Do everything that you can to retain your main customers. If they owe you, don’t be quick to pressurize them to pay because they are also struggling to get back on their feet. You can loosen repayment terms a bit to accommodate the new normal- this is one of the small prices you may have to pay in order to keep your business afloat. Your lenders are probably doing the same for you. The most important thing here is to maintain open communication lines with your debtors, creditors, and other clients and being honest with one another in case of any payment difficulties. In the long run, when you are all back on your feet, you will still have your customers, and cash will start flowing in as it used to.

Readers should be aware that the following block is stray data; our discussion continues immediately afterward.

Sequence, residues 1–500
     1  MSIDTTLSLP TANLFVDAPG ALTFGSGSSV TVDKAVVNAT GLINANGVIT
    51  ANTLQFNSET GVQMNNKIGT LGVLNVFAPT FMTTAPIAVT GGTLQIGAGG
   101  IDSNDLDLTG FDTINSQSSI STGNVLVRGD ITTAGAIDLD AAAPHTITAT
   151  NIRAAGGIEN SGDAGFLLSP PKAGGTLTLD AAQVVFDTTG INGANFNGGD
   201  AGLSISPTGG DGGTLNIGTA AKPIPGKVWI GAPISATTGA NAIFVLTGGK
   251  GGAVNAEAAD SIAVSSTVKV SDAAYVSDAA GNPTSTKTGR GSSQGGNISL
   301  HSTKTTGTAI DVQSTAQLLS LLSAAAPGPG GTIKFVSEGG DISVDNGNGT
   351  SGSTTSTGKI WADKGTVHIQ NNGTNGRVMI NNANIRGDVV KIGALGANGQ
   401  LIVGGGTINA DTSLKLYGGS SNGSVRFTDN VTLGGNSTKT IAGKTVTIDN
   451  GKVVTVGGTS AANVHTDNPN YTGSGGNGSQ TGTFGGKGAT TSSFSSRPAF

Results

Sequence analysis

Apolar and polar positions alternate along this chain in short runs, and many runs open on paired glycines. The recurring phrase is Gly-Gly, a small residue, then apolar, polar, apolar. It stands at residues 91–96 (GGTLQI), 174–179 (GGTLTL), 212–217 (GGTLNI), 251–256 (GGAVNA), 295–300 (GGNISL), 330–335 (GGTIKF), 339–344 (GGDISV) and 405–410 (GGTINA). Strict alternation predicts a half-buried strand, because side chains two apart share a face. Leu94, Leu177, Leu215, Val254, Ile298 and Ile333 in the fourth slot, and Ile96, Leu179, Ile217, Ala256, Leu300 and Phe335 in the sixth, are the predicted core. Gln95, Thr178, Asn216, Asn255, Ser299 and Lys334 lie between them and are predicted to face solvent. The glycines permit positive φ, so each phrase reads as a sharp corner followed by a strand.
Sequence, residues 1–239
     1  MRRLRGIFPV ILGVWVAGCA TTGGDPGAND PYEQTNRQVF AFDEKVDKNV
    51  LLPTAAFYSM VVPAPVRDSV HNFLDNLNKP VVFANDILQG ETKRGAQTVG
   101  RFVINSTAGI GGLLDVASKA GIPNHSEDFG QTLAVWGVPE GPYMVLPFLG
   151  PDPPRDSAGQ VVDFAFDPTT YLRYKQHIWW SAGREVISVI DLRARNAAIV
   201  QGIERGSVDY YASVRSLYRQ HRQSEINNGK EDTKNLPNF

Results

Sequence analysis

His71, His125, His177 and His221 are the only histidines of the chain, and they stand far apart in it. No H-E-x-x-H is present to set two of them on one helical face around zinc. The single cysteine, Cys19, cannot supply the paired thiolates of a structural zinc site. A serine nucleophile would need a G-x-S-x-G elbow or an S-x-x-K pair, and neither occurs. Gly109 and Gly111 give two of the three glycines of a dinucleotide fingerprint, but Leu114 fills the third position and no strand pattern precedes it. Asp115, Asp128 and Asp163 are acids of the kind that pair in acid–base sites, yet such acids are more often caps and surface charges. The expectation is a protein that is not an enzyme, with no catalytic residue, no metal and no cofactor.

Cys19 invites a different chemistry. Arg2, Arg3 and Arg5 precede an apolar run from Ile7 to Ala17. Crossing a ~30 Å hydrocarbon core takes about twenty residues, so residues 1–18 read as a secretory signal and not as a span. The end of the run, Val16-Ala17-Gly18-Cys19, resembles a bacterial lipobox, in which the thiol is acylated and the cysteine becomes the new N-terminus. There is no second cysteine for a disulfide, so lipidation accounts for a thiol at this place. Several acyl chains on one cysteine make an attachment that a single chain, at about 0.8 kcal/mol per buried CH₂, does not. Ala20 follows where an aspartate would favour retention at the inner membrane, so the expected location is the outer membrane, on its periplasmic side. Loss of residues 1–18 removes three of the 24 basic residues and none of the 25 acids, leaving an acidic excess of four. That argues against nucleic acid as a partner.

Reaching out to customers also means reaching out to new markets, or offering more products to your existing market. If your existing market isn’t recovering as fast as other markets, it is okay to move your business elsewhere. If one of your competitors has closed shop, this is your chance to move in for their customers. Be courageous to fill in every gap that the virus could have created within your market, and to explore other options that could bring in additional cash provided they won’t compromise your brand identity.

4. Update your terms and conditions

There are some terms and conditions that you have held on for too long, some of which have left your business vulnerable during the ongoing pandemic. This is the time to scrap them all and create better terms that protect you from future crises. In fact, you would rather pull out of a contract now and pay the cancellation fee, rather than push on with it and incur losses in the end.